8 states that made it easier to become a teacher
AP/Sara D. Davis
States have begun "loosening requirements" for teaching credentials due to a more than 40% decrease in enrollment in teacher preparation programs, as reported by the Wall Street Journal.
Why it matters: Recruitment has been difficult due to "low salaries and difficult state-issued credentials." This has hit rural towns especially hard, and districts are being forced to hire teachers that may not be as qualified.
- Arizona: Signed legislation allowed individuals with "a higher-education degree and significant experience in a subject matter," along with related teaching experience of two years, to receive teaching certification.
- Minnesota: A new system establishes four licensing tiers; the lowest requires either a bachelor's degree or an associate degree plus five years of relevant work experience.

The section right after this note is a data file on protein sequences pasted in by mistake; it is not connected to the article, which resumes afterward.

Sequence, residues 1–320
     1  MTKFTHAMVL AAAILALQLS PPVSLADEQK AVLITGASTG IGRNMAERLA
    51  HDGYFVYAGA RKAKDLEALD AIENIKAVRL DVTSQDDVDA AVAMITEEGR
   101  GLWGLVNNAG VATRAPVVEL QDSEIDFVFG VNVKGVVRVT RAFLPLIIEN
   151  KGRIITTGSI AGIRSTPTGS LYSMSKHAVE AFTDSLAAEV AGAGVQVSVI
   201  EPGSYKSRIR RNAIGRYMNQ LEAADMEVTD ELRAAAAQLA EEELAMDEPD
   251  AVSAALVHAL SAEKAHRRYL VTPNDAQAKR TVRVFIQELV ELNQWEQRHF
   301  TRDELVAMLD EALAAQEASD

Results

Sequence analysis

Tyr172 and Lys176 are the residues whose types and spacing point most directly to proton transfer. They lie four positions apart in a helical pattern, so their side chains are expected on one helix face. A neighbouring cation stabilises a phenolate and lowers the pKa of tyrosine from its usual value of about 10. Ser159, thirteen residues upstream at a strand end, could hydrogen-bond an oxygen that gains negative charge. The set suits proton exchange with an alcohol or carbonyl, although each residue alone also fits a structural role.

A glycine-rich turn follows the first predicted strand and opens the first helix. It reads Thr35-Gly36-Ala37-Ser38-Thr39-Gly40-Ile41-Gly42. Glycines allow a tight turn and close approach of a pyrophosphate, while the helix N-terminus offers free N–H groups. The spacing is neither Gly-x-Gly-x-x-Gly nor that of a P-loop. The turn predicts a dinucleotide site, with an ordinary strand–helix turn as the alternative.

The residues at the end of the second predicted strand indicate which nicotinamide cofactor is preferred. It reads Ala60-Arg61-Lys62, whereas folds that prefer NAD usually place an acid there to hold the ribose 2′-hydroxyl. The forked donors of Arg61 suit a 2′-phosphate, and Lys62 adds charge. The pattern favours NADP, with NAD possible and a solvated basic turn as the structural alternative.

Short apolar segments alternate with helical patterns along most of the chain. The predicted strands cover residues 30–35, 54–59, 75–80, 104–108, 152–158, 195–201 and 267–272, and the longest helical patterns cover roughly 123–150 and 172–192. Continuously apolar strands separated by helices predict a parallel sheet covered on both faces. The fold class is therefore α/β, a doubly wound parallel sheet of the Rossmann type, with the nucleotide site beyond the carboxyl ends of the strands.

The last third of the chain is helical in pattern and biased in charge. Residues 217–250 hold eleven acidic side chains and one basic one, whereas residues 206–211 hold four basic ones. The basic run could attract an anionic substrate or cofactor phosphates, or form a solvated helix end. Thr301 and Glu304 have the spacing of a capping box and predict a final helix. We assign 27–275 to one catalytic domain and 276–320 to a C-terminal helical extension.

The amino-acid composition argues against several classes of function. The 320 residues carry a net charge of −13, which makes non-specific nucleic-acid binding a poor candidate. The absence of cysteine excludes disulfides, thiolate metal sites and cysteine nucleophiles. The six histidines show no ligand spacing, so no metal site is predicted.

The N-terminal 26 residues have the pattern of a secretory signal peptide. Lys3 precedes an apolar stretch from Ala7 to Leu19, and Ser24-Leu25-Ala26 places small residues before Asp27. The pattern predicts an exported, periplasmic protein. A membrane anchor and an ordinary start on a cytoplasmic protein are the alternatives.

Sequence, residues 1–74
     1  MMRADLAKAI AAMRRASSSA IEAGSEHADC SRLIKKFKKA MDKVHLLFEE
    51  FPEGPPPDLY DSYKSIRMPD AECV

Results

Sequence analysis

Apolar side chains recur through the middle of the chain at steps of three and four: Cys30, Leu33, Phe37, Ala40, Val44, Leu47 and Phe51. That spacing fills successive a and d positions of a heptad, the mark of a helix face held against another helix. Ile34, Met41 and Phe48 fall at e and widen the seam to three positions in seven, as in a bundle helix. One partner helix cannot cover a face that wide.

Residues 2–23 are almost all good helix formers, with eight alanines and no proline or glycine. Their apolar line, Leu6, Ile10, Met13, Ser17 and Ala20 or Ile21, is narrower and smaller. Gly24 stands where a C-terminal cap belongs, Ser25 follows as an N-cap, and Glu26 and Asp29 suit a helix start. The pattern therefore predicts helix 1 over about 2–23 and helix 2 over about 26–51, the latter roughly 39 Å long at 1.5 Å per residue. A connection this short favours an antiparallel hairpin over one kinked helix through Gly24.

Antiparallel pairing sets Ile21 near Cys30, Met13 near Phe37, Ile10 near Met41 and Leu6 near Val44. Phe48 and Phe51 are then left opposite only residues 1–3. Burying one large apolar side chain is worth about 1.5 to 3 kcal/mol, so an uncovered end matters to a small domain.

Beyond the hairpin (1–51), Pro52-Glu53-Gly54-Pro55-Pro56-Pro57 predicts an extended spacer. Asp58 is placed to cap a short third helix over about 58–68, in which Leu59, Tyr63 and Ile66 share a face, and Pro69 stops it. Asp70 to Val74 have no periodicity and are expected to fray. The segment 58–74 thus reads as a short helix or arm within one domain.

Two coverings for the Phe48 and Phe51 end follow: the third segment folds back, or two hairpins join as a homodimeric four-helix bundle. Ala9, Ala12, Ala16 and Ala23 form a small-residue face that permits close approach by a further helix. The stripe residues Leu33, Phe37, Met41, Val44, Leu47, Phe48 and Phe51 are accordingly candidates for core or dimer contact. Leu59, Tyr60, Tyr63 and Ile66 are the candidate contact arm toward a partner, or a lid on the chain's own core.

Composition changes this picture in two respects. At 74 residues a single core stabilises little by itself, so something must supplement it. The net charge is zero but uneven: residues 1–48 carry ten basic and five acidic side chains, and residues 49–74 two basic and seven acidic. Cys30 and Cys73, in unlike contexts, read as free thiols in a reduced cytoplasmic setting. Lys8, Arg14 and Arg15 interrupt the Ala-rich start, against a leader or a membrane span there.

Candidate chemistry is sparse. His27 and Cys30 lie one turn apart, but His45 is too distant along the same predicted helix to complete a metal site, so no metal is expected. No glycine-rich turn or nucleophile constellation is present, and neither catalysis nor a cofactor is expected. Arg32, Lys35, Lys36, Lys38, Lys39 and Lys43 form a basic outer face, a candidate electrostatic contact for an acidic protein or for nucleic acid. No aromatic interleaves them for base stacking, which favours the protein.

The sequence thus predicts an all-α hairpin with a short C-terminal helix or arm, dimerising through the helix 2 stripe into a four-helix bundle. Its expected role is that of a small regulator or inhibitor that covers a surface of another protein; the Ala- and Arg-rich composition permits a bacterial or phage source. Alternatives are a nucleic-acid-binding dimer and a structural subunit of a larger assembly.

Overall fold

- Kansas: Teaching candidates are only required to have a bachelor's degree and relevant experience to teach.
- Oklahoma and California: Districts have started "issuing more emergency teaching certificates to fill vacancies."
- Utah: Individuals with one to three years of college classes and practice teaching can receive certification.
- Wisconsin: The Department of Public Instruction announced "emergency rules changes," making it easier to renew licenses and retain substitutes.
- New York: NY State Board of Regents made it easier for out-of-state teachers to get certified.